Coalition building, representing indigenous communities and building activist support systems were at the center of Wednesday night’s panel discussion on environmental justice at the Women’s Community Center (WCC).
Coming to California has been a serious step up in environmental progressivism from Georgia. Being on a campus like Stanford’s has only increased this progressivism, and coming into this quarter I felt like a green machine in terms of environmental awareness. My PWR class this quarter, entitled “Who speaks for nature? Rhetorics of environmentalism and justice,” has been the metaphorical icing on the cake that has been my environmental evolution.
Whether it’s a plastic boba cup after a late-night craving or a paper Coupa coffee container, students on campus frequently discard their recyclable or compostable items in the landfill.
After years of research spanning healthcare, education, autonomous vehicles and beyond, renowned computer science professor Andrew Ng has his sights set on climate change.
Signs have been intermittently placed along the trail surrounding the lake since 2017 “in an effort to minimize the environmental impacts of human activities,” wrote University spokesperson E.J. Miranda.
Over the past two years, few political ideas have captured the imagination of progressives — and attracted the ridicule of conservatives — as intensely as the Green New Deal. Touted most prominently by Congresswoman Alexandria Ocasio-Cortez, the Green New Deal began as an ambitious yet abstract commitment to tackling climate change through an unprecedented economic transformation focused on empowering the communities who will face the effects of climate change most severely. Even before the Green New Deal had any official language attached to it, the leading contenders for the Democratic presidential nomination all threw their support behind the concept, making it somewhat of a progressive litmus test.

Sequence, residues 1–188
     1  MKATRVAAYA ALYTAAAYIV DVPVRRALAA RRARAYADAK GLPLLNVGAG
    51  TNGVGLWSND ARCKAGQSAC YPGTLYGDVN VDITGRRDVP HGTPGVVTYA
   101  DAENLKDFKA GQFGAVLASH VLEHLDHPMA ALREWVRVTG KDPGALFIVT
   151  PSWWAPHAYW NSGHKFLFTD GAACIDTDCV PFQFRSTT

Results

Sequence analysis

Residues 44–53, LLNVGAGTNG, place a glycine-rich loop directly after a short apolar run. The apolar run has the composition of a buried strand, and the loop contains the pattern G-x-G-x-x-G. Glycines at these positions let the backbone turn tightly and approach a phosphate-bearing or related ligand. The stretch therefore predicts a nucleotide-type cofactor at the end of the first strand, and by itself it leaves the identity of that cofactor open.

When the importance of protecting the environment seems obvious to many who recognize threats such as global warming and extinction, you may wonder if it is really necessary or effective to dedicate a day to raising environmental awareness. After all, if we should live like every day is Earth Day, why do we need an…
Several miles south of my Outside Lands experience, Darel Scott ’17 was drafting the plans for a new kind of festival aimed at people of color and their connection to nature.